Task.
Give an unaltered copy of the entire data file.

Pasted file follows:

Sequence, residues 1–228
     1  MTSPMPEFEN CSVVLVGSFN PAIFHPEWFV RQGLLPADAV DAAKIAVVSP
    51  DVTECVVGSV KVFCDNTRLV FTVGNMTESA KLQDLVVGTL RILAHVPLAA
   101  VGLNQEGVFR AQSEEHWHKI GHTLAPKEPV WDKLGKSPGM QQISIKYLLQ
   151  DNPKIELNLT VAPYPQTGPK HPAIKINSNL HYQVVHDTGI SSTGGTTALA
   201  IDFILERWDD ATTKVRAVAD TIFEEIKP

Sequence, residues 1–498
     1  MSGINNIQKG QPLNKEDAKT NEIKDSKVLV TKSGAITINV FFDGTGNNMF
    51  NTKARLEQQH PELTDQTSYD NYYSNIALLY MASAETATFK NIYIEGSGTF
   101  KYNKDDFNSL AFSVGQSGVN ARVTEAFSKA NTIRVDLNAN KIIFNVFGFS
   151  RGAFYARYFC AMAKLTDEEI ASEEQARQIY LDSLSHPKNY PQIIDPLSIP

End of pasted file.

Sequence, residues 1–228
     1  MTSPMPEFEN CSVVLVGSFN PAIFHPEWFV RQGLLPADAV DAAKIAVVSP
    51  DVTECVVGSV KVFCDNTRLV FTVGNMTESA KLQDLVVGTL RILAHVPLAA
   101  VGLNQEGVFR AQSEEHWHKI GHTLAPKEPV WDKLGKSPGM QQISIKYLLQ
   151  DNPKIELNLT VAPYPQTGPK HPAIKINSNL HYQVVHDTGI SSTGGTTALA
   201  IDFILERWDD ATTKVRAVAD TIFEEIKP

Sequence, residues 1–498
     1  MSGINNIQKG QPLNKEDAKT NEIKDSKVLV TKSGAITINV FFDGTGNNMF
    51  NTKARLEQQH PELTDQTSYD NYYSNIALLY MASAETATFK NIYIEGSGTF
   101  KYNKDDFNSL AFSVGQSGVN ARVTEAFSKA NTIRVDLNAN KIIFNVFGFS
   151  RGAFYARYFC AMAKLTDEEI ASEEQARQIY LDSLSHPKNY PQIIDPLSIP